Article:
Jane Hammons

Jane Hammons teaches writing at UC Berkeley and has been twice nominated for the Pushcart Prize. Her most recent writing appears in Columbia Journalism Review, San Francisco Chronicle, Opium Magazine, Slow Trains, and Word Riot.

Tobey Hiller

Tobey Hiller writes fiction and poetry.  Her novel Charlie’s Exit was published in 2002 (EdgeWork, Boulder), and three books of her poetry, Crossings, Certain Weathers (Oyez, 1980 and 1987) and Aqueduct (Clear Mountain Press, 1993), have been published.  Her poetry and fiction have appeared in various magazines and anthologies, including Abraxas, Five Fingers Review, Caliban, Transfer, Milkweed Chronicle, Berkeley Poetry Review, Giants Play Well in the Drizzle, Brief, The Poetry Flash, A Fine Madness, Embers, B

Ron Nyren

Ron Nyren’s fiction has appeared in The Paris Review, The Missouri Review, The North American Review, Glimmer Train Stories, Mississippi Review, and elsewhere. With Sarah Stone, he is coauthor of Deepening Fiction: A Practical Guide for Intermediate and Advanced Writers, (Longman, 2005), published in a trade version as The Longman Guide to Intermediate and Advanced Fiction Writing (Sourcebooks, 2007).

John Venecek

John Venecek served as a Peace Corps Volunteer from 1996-1998 during which time he taught English at a small university in Yekaterinburg, Russia – an experience that has been the inspiration of much of his early writing.  John is also a graduate of the Writing Program at DePaul University and has published a short memoir in the Prairie Light Review.  John currently resides in Orlando where he is the Librarian for the Humanities at the University of Central Florida and is affiliated with the Jack Kerouac Project of Orlando.

Steve Gilmartin

Steve Gilmartin’s fiction and poetry have appeared or are forthcoming in Double Room, 14 Hills, 3rd bed, elimae, Mad Hatters' Review, Poemeleon, Drunken Boat, and Eleven Eleven. He works as a freelance editor and lives in Berkeley, California.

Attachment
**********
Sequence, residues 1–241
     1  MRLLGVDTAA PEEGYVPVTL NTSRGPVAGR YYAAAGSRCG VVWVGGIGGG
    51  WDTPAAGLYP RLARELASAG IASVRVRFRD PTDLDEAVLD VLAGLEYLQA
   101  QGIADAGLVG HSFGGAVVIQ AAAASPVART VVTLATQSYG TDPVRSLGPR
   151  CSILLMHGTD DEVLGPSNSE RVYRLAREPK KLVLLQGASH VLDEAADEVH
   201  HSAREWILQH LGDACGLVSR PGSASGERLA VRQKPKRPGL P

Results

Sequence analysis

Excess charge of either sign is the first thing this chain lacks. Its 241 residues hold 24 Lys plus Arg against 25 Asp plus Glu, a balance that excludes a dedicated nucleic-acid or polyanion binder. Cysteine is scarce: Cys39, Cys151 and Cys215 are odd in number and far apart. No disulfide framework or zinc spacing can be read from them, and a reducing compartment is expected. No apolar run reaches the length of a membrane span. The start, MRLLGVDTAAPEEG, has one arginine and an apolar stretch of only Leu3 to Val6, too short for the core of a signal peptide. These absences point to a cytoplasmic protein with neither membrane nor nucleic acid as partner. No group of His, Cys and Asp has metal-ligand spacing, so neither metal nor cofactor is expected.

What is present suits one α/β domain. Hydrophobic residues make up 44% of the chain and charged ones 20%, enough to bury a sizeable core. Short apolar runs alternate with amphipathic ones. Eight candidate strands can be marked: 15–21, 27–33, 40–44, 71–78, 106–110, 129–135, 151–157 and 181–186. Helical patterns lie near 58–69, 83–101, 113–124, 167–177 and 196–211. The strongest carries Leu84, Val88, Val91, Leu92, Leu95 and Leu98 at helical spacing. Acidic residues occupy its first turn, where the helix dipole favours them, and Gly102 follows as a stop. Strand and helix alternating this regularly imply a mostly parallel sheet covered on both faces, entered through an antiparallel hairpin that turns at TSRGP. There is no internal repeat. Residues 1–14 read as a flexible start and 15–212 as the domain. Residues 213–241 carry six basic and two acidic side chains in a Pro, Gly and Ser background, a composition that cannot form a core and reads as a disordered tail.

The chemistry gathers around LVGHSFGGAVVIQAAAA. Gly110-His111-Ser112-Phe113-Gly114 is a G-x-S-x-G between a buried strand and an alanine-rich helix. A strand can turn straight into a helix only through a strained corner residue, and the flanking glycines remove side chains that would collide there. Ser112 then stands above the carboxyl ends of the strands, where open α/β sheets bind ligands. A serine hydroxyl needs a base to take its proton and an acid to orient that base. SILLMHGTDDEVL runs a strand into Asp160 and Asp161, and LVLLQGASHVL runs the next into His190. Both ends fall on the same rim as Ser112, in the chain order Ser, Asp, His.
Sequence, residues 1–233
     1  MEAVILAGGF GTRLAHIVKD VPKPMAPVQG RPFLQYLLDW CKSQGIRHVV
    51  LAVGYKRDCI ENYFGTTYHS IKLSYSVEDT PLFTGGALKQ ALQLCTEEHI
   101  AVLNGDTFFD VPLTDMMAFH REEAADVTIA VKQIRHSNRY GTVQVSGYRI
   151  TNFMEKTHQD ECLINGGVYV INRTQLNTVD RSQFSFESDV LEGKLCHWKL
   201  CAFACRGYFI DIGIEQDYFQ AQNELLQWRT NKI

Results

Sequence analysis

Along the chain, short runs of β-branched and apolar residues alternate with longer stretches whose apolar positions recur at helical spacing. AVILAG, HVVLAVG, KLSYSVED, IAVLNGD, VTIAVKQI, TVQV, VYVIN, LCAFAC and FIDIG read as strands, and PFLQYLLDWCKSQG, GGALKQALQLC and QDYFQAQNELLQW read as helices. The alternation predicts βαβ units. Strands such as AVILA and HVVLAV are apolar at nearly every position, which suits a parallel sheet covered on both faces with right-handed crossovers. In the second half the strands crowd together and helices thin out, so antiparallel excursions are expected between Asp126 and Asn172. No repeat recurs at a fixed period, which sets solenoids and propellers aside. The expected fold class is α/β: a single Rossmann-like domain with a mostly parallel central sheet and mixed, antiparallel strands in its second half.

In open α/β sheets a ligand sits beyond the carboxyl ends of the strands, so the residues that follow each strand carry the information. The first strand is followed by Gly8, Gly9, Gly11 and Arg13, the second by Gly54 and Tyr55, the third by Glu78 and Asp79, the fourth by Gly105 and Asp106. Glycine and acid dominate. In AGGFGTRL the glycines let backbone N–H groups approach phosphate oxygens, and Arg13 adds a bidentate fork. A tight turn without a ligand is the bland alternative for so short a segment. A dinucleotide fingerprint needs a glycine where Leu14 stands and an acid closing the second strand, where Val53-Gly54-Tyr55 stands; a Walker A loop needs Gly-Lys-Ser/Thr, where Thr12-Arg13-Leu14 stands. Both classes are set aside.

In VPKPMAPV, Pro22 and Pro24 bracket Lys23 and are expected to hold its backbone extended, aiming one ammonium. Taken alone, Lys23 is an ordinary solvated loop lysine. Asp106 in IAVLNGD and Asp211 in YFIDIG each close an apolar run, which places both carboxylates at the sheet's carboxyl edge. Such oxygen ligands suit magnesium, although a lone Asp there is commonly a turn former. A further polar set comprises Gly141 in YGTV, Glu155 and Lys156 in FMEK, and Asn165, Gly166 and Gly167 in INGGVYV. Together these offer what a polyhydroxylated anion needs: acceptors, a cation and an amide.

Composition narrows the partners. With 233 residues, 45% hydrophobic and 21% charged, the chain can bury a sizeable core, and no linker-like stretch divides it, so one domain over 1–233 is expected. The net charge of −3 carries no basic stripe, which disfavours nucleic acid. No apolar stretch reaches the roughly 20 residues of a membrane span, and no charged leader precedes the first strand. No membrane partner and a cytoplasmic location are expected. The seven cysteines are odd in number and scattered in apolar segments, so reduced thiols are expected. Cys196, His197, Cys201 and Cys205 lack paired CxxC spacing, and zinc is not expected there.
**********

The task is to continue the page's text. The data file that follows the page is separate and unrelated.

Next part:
Karen Kevorkian

Karen Kevorkian has published White Stucco Black Wing (poems). Journals publishing her work include Antioch Review, Fiction International, Five Fingers Review, Hayden’s Ferry Review, Los Angeles Review, Mississippi Review, Shenandoah, Third Coast, VOLT, Witness, and in chapbooks at and Formerly on the creative writing faculty at the University of Virginia, she now teaches in the English department at UCLA.

Dennis Must

Dennis Must is the author of two short story collections: Oh, Don't Ask Why, Red Hen Press, Los Angeles, CA (2007), and Banjo Grease, Creative Arts Book Company, Berkeley, CA (2000). His plays have been performed Off Off Broadway and his fiction has appeared in numerous anthologies and literary reviews. He resides with his wife in Salem, Massachusetts.

Anne-E Wood

Anne-E. Wood's fiction has appeared in Tin House, Agni, New Letters, Karamu Journal, The Chicago Quarterly Review, Other Voices, The Cream City Review, Fourteen Hills Magazine, Beloit Fiction Journal, Fiction Attic, and others. She is the author of the short story collection Two if By Sea, Winner of the 2006 Michael Rubin Chapbook Award. She has an MFA in Creative Writing from San Francisco State University and teaches writing at Rutgers University, The New Jersey Institute of Technology and The Gotham Writers' Workshop.

Nina Schuyler

Nina Schuyler’s novel, The Painting, published by Algonquin Books of Chapel Hill, was named a Best Book by San Francisco Chronicle and nominated for the Northern California Book Award. It’s been translated into Chinese, Portuguese, and Serbian. Her short story, “Water Babies” won the Santa Clara Review’s Editor’s Choice Prize for Fiction, her short short, “Black Holes” won the Big Ugly Review Short Short Contest for 2008; and she was a finalist in the 2009 Stanford Fiction Contest.

R.S. Gwynn

R.S. Gwynn was born in Eden, North Carolina, in 1948. He attended Davidson College, where he played football, twice won the Vereen Bell Award for creative writing, and served as a member of Davidson's championship team on the General Electric College Bowl. After receiving his B.A. in 1969, he did graduate work at the Breadloaf School of English and entered graduate school at the University of Arkansas, earning the M.A. in 1972 and the M.F.A. in 1973. While a student at Arkansas, he received the John Gould Fletcher Award for Poetry.

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